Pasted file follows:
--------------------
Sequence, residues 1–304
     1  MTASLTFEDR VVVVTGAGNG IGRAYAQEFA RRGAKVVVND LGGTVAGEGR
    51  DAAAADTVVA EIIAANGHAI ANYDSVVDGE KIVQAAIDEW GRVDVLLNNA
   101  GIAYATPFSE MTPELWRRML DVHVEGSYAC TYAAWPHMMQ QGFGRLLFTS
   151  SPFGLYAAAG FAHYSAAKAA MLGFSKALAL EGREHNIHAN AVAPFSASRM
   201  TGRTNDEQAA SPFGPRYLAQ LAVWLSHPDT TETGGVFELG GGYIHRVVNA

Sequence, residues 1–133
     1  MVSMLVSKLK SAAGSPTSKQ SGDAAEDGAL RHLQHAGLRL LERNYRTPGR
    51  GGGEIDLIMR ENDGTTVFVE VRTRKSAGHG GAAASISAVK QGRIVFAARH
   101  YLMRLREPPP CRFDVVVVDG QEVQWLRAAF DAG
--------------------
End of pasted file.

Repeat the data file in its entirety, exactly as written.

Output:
Sequence, residues 1–304
     1  MTASLTFEDR VVVVTGAGNG IGRAYAQEFA RRGAKVVVND LGGTVAGEGR
    51  DAAAADTVVA EIIAANGHAI ANYDSVVDGE KIVQAAIDEW GRVDVLLNNA
   101  GIAYATPFSE MTPELWRRML DVHVEGSYAC TYAAWPHMMQ QGFGRLLFTS
   151  SPFGLYAAAG FAHYSAAKAA MLGFSKALAL EGREHNIHAN AVAPFSASRM
   201  TGRTNDEQAA SPFGPRYLAQ LAVWLSHPDT TETGGVFELG GGYIHRVVNA

Sequence, residues 1–133
     1  MVSMLVSKLK SAAGSPTSKQ SGDAAEDGAL RHLQHAGLRL LERNYRTPGR
    51  GGGEIDLIMR ENDGTTVFVE VRTRKSAGHG GAAASISAVK QGRIVFAARH
   101  YLMRLREPPP CRFDVVVVDG QEVQWLRAAF DAG